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  • Jancis Robinson
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  • Jancis Robinson
2 May 2006

Many of us are in a rather red bordeaux mood, aren't we? While being bombarded with offers of 2005s which should not be drunk for at least a decade, why not indulge in a fully mature red bordeaux, Ch Vieux Manoir 2000 Bordeaux Supérieur, at the other end of the price spectrum? This toothsome 2000 is currently on sale at Waitrose supermarkets in the UK for just £4.99 a bottle.


It's as soft as bordeaux ever gets and smells immediately as though it came from a super-ripe vintage (think 1990 sucked of 50 per cent of its subtlety). The fruit is gentle with a slightly dry, dusty finish. On no account drink this without food, folks. But it's great value.


The wine comes from a particularly pretty-looking château, re-equipped for the 2000 vintage, in the Entre-Deux Mers, which produces most of the Bordeaux Supérieur made on this planet. Fashionable Stéphane Derenoncourt is the consultant who has softened this 12.5 per cent wine with micro-oxygenation. The blend is 40 per cent Merlot with 33 per cent Cabernet Franc and 27 per cent Cabernet Sauvignon.


I might well recommend it even it were at its full price of £6.99 but it is part of Waitrose's current French Wine Showcase which sees substantial reductions on 28 of their pretty superior French wine range. Another great buy is an Alsace Riesling that has been bought in specially for the promotion, which runs until 21 may. Cave de Turckheim, Vieilles Vignes Riesling 2004 Alsace may not come in the most exciting-looking bottle but it's a very dense, well-sculpted wine for its special price of £7.99 (and a very much better buy than the rather dilute Alsace Blanc de Blancs at £4.99). Vieilles in this case means more than 35 years old – which is old in French vine terms. (Some Australian and California great grandfather vines would be chuckling at these striplings of course.)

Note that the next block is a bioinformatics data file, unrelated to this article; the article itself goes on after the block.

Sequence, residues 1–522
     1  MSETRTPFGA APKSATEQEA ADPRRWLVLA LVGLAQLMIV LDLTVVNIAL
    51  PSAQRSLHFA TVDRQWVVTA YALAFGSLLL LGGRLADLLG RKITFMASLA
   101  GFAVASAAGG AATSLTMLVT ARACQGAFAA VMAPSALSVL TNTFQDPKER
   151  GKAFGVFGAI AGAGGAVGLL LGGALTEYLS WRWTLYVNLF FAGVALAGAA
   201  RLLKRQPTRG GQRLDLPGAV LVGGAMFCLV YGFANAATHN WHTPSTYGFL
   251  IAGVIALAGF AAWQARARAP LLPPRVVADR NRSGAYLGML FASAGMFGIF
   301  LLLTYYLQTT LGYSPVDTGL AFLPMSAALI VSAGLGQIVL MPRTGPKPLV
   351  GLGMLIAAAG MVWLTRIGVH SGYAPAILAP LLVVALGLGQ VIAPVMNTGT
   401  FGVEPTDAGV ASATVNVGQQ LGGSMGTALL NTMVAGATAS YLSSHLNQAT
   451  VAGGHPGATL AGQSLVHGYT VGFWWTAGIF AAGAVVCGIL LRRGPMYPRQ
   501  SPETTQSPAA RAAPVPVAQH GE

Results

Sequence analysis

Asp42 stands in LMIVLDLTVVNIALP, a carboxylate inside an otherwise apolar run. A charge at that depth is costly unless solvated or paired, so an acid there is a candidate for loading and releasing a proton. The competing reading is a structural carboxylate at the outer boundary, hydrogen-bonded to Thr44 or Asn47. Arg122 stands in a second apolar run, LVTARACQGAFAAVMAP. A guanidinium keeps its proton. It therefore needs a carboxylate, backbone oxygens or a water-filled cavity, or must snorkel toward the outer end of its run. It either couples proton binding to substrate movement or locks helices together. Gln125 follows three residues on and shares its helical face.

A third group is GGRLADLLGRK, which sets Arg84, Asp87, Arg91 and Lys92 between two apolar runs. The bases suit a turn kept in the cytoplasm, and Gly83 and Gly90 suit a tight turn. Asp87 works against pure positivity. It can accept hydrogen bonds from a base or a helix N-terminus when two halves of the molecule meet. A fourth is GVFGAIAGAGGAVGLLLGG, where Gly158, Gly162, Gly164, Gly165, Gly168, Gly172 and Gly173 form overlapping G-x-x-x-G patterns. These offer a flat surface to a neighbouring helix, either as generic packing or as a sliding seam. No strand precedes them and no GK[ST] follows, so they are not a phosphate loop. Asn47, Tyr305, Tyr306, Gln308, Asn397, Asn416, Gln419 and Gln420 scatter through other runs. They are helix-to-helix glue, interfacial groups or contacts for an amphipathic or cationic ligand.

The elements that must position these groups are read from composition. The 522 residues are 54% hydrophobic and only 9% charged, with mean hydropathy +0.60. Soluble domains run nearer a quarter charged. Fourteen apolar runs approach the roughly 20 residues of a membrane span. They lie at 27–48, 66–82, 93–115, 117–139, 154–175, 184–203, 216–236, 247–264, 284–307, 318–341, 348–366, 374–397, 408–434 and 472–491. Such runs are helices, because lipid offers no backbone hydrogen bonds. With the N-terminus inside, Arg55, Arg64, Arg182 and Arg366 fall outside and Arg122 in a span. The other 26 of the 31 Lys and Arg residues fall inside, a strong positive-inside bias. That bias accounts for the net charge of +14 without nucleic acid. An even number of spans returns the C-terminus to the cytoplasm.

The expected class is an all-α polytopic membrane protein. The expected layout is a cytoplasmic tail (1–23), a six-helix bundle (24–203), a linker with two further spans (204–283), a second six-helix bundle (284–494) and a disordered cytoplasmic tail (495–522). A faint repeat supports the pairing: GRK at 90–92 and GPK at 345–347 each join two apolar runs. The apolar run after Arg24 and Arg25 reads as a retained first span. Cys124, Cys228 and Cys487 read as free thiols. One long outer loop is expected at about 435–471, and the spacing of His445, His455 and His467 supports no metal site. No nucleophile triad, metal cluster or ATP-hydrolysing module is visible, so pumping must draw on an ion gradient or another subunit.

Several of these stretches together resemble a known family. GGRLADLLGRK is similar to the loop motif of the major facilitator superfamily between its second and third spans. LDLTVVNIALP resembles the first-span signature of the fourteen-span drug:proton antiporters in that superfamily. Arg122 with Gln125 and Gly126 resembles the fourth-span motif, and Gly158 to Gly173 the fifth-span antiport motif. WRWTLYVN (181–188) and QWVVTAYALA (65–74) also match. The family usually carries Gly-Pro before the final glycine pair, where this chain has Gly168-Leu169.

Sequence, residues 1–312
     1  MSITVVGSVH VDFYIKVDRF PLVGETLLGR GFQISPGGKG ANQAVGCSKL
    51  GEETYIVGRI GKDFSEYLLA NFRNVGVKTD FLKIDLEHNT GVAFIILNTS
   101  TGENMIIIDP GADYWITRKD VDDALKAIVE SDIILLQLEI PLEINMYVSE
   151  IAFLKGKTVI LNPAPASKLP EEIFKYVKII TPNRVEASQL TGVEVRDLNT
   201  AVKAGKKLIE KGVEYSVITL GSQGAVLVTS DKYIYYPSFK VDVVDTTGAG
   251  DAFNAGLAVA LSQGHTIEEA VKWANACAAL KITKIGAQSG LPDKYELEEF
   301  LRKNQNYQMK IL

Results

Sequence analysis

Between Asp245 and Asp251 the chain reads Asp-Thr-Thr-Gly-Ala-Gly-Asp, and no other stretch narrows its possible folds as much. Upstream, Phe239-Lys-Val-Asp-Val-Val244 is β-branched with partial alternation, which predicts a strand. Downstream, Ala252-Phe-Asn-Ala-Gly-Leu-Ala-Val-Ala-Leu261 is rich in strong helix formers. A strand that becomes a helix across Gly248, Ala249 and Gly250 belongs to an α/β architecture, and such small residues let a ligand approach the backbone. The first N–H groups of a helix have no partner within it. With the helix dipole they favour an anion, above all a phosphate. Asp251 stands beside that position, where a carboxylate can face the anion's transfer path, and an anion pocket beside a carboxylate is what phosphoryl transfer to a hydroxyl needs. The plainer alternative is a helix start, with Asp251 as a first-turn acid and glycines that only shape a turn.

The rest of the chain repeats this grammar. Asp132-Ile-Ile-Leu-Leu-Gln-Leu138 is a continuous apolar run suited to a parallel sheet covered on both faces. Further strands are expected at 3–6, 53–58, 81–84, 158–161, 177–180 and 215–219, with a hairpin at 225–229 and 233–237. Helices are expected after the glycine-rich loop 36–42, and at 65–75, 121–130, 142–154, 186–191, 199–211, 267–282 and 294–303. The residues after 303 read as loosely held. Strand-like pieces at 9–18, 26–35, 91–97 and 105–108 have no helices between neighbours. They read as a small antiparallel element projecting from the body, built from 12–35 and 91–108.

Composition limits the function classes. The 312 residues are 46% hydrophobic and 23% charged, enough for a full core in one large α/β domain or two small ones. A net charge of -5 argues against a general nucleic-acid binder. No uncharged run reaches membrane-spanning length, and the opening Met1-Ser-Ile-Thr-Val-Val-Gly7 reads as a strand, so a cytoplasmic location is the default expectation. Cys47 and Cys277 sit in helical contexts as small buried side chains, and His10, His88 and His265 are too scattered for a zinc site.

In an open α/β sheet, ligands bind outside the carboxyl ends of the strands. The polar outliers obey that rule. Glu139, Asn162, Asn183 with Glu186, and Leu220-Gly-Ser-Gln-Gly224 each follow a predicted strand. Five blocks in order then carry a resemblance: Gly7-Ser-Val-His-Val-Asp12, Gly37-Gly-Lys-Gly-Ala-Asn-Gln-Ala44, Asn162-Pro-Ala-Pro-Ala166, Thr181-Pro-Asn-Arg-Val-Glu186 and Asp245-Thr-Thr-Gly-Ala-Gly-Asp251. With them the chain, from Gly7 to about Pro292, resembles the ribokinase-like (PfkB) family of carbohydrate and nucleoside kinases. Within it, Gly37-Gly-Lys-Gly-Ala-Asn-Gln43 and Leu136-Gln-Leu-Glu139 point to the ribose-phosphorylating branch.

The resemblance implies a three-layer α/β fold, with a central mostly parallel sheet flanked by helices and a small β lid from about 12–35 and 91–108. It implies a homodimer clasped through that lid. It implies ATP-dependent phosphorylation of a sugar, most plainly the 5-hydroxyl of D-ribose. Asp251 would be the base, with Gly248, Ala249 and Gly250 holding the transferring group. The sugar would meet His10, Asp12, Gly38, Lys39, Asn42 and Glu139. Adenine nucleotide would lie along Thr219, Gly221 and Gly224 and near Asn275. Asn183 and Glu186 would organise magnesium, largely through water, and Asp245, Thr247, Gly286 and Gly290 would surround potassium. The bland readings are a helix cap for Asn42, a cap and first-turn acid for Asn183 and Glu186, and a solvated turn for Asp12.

Other good buys that feature in Waitrose's French Wine Showcase (again, many apologies to non British visitors – though do try to locate these wines in your location) include a grower's champagne Champagne Trudon Cuvée Tradition NV reduced from £18.99 to a very fair £14.99. It's all Pinot Meunier made in the Vallée de la Marne, mainly from the superior 2002 vintage by Trudon fils who is also assistant cellarmaster at Louis Roederer. A clever purchase, even if the bottle lacks eye appeal. Get out that white napkin.


An archetypal spring wine is La Grille Classic Loire Rosé 2005 from Bougrier. This is quintessentially light and lively, made mainly from Cabernet Franc and very pretty too. For such a sprightly wine, it has a surprisingly long, powerful finish for £4.99. And who could resist the name of the winemaker? Gwénaël Guihard. Another seasonal Loire bargain is Saumur Blanc, Les Andides 2005 reduced from £4.99 to £3.99, quite a creditable amount of pure Chenin fruit for the money - though alas they are still on 2004 which is not nearly as toothsome and may not move on to 2005 until after the promotion is over.


I was also impressed by Savigny-lès-Beaune 2002 Bouchard Père et Fils, reduced from £12.99 to £10.39, a much more serious, correct red burgundy than one can usually find on a supermarket shelf – fruity but dry. If you prefer your red burgundy rich, spicy and definitely ready to drink, choose Chorey-lès-Beaune 2002 Pascal Maillard at the full price of £11.99 from a grower whom Waitrose has been following with some success.


If names and labels are important to you, you might be interested in the third wine of Ch Giscours, Le Haut-Médoc de Giscours 2002, reduced form £12.99 to £7.99 but it's pretty tough. Quite a bit of press wine, I should imagine, but it does look smart.